Great idea. Now what?

September 6, 2018

A new idea can be exciting because it holds so much potential and possibilities. It's fun to dream, but when the concept moves toward reality, it can create more questions than answers. Where and how to plant that idea that will give it the most opportunity to grow, take root and turn into a mature tree.

Maybe the idea developed within an existing company as a solution to a problem the business was facing; like Basecamp for 37 Signals. Perhaps it is a new idea or a startup. No matter how and where it was conceived, some questions need to be answered before the concept makes its way to the launchpad. Is there a need in the market? Who is the audience? How will it get the financing to get developed? How or can you protect it with a patent? Most of these questions entrepreneurs may know they need to be answered, one question they may not have thought of is “How will it end?” It may sound weird to think of how will it end at the beginning of a new endeavor, but it can provide clarity.

If you own a company already and the idea was internally conceived to solve a problem, your question would be; Should new endeavor be a part of your existing company? If this is the case these questions would need to be answered:

   1. Could it be used by an entirely different audience, industry or business type?

   2. Does it add value to your brand?

   3. Does it help your customer?

   4. Does it support the purpose of the company?

   5. Could it become a separate division or sub-brand of the parent company?

   6. Could it be sold off later to another company?

Think about it; you never plant a tree right up against a house. The tree will hopefully have large roots. You wouldn’t want to plant it close to a foundation or next to another tree. When an idea has that kind of potential, you plant it far enough away for it to have room to grow and become a mature tree without hindrances from surrounding obstacles. Ideally, it would be far enough away that you could dig around it to transplant it to another yard if you wanted or needed. The same is with ideas that spring up from within a company that may become its own mature business someday.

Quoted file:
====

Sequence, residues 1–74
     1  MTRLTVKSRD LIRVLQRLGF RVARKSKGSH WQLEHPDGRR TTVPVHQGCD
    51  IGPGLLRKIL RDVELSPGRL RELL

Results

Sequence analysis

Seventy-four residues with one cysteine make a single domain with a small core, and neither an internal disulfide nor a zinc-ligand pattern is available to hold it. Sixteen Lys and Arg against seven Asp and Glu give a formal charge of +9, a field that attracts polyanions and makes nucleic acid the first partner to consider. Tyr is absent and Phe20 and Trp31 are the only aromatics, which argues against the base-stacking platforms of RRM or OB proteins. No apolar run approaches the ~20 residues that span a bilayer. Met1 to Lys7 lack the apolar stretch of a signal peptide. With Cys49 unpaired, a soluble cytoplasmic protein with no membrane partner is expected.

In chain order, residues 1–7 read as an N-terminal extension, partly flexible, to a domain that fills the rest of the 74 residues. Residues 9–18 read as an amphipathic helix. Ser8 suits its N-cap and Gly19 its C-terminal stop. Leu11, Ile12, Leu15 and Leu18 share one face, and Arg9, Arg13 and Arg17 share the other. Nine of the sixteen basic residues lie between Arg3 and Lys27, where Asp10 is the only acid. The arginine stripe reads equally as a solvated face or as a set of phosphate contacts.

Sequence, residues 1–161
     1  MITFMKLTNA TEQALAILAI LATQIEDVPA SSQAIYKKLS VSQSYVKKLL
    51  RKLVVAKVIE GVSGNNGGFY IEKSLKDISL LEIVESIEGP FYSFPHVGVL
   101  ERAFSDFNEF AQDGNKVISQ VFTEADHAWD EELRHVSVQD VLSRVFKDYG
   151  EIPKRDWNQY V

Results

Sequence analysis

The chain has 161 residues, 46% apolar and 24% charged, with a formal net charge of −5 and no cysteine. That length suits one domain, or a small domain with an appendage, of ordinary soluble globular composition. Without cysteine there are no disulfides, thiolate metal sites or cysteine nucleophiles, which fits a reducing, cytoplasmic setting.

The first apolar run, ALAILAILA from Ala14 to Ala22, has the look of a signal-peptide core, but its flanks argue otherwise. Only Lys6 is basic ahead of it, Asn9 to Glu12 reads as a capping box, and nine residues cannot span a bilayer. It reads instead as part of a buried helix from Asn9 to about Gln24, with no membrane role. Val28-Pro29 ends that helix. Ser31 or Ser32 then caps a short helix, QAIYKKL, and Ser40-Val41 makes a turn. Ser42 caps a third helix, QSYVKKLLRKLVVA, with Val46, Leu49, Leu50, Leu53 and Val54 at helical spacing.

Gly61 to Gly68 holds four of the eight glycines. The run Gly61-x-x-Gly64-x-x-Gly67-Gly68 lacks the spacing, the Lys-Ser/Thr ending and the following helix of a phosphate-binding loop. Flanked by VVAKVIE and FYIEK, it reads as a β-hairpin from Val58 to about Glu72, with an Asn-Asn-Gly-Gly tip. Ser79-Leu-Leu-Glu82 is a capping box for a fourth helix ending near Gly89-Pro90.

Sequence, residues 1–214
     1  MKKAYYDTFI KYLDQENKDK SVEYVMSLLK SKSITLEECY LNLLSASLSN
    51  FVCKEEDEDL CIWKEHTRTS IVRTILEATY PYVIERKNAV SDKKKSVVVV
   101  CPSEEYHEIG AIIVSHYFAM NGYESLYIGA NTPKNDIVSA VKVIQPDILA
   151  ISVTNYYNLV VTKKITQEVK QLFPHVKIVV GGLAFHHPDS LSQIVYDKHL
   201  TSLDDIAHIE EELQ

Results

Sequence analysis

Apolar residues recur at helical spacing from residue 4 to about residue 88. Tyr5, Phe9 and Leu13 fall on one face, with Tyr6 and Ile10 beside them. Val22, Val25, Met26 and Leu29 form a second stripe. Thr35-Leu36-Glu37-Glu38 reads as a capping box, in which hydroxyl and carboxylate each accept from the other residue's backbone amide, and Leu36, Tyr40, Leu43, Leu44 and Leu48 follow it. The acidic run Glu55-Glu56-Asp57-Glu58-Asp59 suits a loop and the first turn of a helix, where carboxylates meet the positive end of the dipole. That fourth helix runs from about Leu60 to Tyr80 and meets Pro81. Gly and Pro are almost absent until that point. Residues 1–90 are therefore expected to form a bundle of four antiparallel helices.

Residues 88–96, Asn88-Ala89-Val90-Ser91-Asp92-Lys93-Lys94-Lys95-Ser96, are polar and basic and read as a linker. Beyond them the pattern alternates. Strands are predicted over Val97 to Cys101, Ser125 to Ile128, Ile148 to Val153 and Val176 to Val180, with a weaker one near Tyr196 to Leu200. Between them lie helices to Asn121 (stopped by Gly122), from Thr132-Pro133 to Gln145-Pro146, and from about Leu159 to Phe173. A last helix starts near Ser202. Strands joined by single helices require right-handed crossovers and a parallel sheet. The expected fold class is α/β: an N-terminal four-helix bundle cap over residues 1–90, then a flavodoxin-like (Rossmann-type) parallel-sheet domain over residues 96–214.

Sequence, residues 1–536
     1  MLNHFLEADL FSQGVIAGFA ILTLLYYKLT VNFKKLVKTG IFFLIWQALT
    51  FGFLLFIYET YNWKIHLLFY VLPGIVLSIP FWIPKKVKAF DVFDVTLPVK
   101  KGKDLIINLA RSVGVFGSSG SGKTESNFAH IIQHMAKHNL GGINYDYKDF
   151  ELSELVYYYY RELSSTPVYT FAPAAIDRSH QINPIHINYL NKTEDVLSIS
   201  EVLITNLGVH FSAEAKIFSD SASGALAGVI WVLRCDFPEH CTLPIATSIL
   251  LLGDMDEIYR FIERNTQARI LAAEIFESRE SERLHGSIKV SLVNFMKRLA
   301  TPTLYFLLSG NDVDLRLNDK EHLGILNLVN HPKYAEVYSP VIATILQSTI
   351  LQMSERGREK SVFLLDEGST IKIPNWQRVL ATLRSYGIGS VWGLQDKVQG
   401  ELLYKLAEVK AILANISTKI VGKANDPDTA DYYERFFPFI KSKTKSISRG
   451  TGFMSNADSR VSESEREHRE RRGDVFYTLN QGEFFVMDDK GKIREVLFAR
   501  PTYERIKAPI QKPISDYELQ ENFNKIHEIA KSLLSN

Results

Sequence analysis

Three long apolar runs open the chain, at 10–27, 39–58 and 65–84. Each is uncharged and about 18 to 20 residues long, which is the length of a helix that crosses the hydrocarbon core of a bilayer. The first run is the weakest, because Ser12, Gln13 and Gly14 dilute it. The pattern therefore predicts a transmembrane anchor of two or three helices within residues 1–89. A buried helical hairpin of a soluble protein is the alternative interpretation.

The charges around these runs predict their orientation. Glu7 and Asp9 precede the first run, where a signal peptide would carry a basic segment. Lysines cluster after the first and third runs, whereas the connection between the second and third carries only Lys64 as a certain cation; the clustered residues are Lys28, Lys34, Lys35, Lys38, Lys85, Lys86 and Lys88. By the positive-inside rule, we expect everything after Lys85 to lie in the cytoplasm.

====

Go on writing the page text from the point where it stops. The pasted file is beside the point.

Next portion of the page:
If you are a startup or entrepreneur, these questions need to be answered:

   1. Do you have experience in this industry?  

   2. Is your personality a fire-starter — will you be happy or are you best suited to manage or run the same company over an extended period?

   3. Will it need to be sold to a company that has the resources and distribution chain that could make it thrive?

   4. Could this idea be marketed to different audiences and different industries?

In the case of entrepreneurs, you will only be happy being an entrepreneur. The fun is seeing it come to life, getting it started and developing the idea into a viable business. You might get tired of the day-to-day. You might not be the best person to manage the business. Look at Steve Jobs. Until he had Tim Cook to manage the day-to-day, the company was reasonably chaotic. Same with Tesla. There's a lot of talk about Tesla needing a CEO other than Elon Musk. He's excellent solving problems and getting the idea to become a reality but may not be the best guy to manage people or the company long-term.

Admitting that your idea would flourish in the hands of a well-established company after you've proved its viability, takes wisdom and maturity. Same with realizing you might not be the best person for the job of running the business long-term. You first must understand that this will not be your only idea, your only business. You will have more ideas and other companies you may want to start in a few years.

Whether you are an entrepreneur with a startup or a well-established company with a possible breakaway product or service, clarifying your purpose (what is the best option for your role in the process) and the purposes of the new product or service is your next (and should be the first) step. Knowing your purpose and its purpose is the only way to decide what is the right direction to take the idea — how and where to plant the idea for it to have it’s best opportunity to flourish.

Clarifying purpose sounds easy but takes time and quite a bit of focus. Check out my Brand Workbook or my Online Branding Course I developed to help facilitate the process.

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